CUNY Chooses Diverse Curriculums, Mr. DeSantis 

By Carmen Mia de Maria Tello Roig

In early 2023, Florida Gov. Ron DeSantis declared that the state would prevent public schools from participating in an optional AP course, the College Board’s new AP African American studies course. His recent rejection of the College Board’s advanced placement course occurred because it included queer theory and “inappropriate questioning” of gender identities, making it a “difficult and unsuitable” course for high school students. 

According to the DeSantis administration, the advanced placement course touched upon queer topics that violated the governor’s “Don’t Say Gay” laws, which took effect last summer throughout Florida. A particular detail not overlooked by educators nationwide was the intersectionality of Queer and African American studies. His rallying supporters are keenly aware that race, gender, and class overlap. In rallying the Republican vote against gender education, he also targets and contests critical race theory and the Black pioneers that powered through social movements. 

Targeting Queer and African American studies is a crucial aspect of DeSantis’s plan to rebuild a new brand of social conservatism by alienating minority groups. We must understand that Florida’s current administration seeks to create a new era of social reforms targeting and attacking minority groups that do not unite under a whitewashed patriotic front. You might be asking yourself, what does it mean to be patriotic? The DeSantis administration seems to believe that censoring critical historical facts, fighting against inclusive and anti-racist literature, and promoting unapologetic, white-centered history is patriotic. 

In this unbelievable trend of conservatism, we see a state clammer up with stances that run on the political and social alienation of groups of people who fail to embrace his version of the truth. But the question remains; Why do optional African American history courses threaten Ron DeSantis? 

Ron DeSantis says he banned the African American history course because of content about prisons and Queer theory. But in trying to erase Queer theory, Ron DeSantis is trying to delegate which pieces of history are “canon and true.” Often this limiting “canon” made by those in power will overshadow and damage the expression of the most vulnerable, like queer people of color. 

The “Stop WOKE” law throws the experiences of the African American community, LGBTQ+ people, and other minority groups into a prohibited category. Prohibited from discussing the way the Black freedom movement inspired early gay activists and how they overlapped. The law prohibits students from learning about Marsha P. Johnson, Sylvia Rivera, and other gay POC activists. What does that say about the current political agenda? Are people of color’s history and contributions to the country some error that must be cleaned from history books to give most republicans peace of mind? Banning diverse books and curriculum prevents students from a factual and accurate education. Politicians promoting limits to the sort of education children can get tend to have a White Savior complex, and in this, they have found a way to admonish the Black community. It is performative and thus dangerous to its core. From racial policing, lack of inclusive education, and using AAVE vernacular in his slogan, Ron DeSantis is becoming the figurehead of suppression in all aspects of American life.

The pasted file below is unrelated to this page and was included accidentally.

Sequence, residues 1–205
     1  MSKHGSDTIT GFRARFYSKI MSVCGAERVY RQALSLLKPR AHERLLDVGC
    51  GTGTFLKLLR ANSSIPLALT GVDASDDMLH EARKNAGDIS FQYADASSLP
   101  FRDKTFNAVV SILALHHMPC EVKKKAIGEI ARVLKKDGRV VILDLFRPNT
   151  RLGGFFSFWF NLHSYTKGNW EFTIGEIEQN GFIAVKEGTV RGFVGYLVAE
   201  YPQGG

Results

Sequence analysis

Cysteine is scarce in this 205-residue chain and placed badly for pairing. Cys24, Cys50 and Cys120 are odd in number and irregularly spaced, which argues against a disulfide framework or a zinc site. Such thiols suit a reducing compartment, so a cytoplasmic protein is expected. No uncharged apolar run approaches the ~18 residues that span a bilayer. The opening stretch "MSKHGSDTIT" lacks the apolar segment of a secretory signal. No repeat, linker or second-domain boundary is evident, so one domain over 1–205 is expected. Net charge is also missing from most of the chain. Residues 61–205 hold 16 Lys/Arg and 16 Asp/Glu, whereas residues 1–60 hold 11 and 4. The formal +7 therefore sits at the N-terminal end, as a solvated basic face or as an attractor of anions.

On the East Coast, echoes of these laws are starting to reach educators and lawmakers alike. New York has been a stronghold for Democrats and liberal education systems, but universities such as CUNY must remain a steadfast fortress against such policies. Students from all social classes and cultures benefit from a pluralistic education filled with possibilities. 

Even when navigating through the first semester (often when students complete their required common core), first-year students can read and analyze a series of personal and professional essays from people of diverse backgrounds, with stories and experiences that a lot of us would not have been able to read if CUNY censored the voice of minorities. 

Queensborough Community College offers HIST-136: African American history (formerly HI-136), ENGL-223: African American Literature, and ARTH-128: History of African Art. These courses explore African cultural survival and Black Americans’ social, artistic, and literary contributions. Students and teachers hope that CUNY will continue to provide a place for students and learners to acquire valuable history and civil rights knowledge, but most importantly, to see themselves reflected in literature and curriculum. 

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